Up Your Vitamin C Intake over 50s to Retain Muscle Mass

Up Your Vitamin C Intake over 50s to Retain Muscle Mass

According to new research from the University of East Anglia (UEA) Vitamin C could be the key to better muscles in later life.  The study shows that older people who eat plenty of vitamin C — commonly found in citrus fruits, berries and vegetables — have the best skeletal muscle mass.

Vitamin C an essential nutrient is required for the growth and repair of tissues in all parts of your body. It is used to form collagen, a protein used to make skin, scar tissue, tendons, ligaments, and blood vessels.

Vitamin C Role in the Body

Healing of wounds Repair and maintenance of cartilage, bones, and teeth. Helps with blood pressure by strengthening the walls of the arteries. Prevent damage to cells caused by aging as well as help reduce stress.Strengthen the liver function to balance the estrogen level during the menstrual cycle.

If you are pregnant or breastfeeding, you are supposed to take in more C than women that are not.

Aging Vs. Skeletal Muscle Mass Loss and strength.

Women tend to lose skeletal muscle mass as they get older — leading to sarcopenia (a condition characterised by loss of skeletal muscle mass and function), frailty and reduced quality of life.

People over 50 lose up to one per cent of their skeletal muscle mass each year, and this loss is thought to affect more than 50 million people worldwide. This can lead to frailty and other poor outcomes such as sarcopenia, physical disability, type-2 diabetes, reduced quality of life and death.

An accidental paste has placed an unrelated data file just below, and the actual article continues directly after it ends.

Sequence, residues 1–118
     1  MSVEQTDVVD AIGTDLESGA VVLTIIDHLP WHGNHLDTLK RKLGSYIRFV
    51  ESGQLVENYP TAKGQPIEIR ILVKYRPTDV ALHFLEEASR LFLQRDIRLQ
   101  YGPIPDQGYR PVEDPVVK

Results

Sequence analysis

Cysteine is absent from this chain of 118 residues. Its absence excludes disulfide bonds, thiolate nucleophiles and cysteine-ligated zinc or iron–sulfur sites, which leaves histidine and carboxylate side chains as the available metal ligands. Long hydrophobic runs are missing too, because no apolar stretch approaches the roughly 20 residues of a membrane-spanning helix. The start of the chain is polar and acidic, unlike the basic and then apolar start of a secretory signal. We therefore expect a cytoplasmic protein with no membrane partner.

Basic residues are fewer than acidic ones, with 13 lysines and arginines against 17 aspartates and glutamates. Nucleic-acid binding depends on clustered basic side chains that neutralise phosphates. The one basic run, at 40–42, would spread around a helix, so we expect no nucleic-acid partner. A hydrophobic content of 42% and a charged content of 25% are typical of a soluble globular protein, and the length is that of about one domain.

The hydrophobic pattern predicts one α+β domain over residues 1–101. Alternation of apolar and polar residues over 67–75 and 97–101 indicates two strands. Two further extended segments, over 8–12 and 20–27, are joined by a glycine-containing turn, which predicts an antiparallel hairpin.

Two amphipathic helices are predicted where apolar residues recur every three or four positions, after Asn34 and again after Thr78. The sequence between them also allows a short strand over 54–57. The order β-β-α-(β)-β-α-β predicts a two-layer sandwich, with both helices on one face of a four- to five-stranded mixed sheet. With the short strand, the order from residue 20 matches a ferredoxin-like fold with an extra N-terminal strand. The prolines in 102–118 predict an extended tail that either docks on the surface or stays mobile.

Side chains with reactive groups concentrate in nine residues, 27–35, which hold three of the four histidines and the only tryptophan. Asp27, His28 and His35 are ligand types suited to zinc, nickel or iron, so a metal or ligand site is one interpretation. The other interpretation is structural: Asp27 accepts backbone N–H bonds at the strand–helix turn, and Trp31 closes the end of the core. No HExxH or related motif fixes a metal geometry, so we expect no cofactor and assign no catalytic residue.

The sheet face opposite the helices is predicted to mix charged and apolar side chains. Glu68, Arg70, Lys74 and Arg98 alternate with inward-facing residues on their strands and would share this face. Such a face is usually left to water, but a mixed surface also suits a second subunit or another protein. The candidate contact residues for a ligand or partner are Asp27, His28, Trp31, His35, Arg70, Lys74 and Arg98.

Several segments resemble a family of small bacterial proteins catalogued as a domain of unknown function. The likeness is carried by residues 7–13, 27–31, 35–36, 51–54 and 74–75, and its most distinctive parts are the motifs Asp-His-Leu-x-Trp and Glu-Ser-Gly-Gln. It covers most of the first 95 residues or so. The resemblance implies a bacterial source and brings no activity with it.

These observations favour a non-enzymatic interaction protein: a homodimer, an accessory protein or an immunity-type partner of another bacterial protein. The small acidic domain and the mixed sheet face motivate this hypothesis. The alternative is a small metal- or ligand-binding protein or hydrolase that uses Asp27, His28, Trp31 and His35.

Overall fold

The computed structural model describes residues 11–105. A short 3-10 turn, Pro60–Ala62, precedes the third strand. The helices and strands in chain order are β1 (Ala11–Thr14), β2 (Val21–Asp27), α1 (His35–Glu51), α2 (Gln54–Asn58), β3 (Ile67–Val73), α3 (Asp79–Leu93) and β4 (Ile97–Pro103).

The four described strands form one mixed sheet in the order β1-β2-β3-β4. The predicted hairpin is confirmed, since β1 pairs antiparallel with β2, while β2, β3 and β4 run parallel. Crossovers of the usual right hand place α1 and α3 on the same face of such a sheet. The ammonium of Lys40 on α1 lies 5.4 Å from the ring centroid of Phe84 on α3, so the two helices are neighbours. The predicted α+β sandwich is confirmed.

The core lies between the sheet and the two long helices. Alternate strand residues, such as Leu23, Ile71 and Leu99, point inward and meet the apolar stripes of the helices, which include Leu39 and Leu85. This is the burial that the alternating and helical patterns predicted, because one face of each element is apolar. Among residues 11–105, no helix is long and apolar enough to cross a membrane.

Adequate Vitamin C helps defend the cells and tissues that make up the body from potentially harmful free radical substances. Unopposed these free radicals can contribute to the destruction of muscle, thus speeding up age-related decline.

Eating a citrus fruit, such as an orange, each day and having a vegetable side to a meal will be sufficient for most women to retain muscle mass.

Research Study

This research has been conducted on 13,000 people aged between 42-82 years, who took part in the EPIC (European Prospective Investigation into Cancer and Nutrition) Norfolk Study.

Source: The Science Daily
DisclaimerThe Content is not intended to be a substitute for professional medical advice, diagnosis, or treatment. Always seek the advice of your physician or other qualified health provider with any questions you may have regarding a medical condition.

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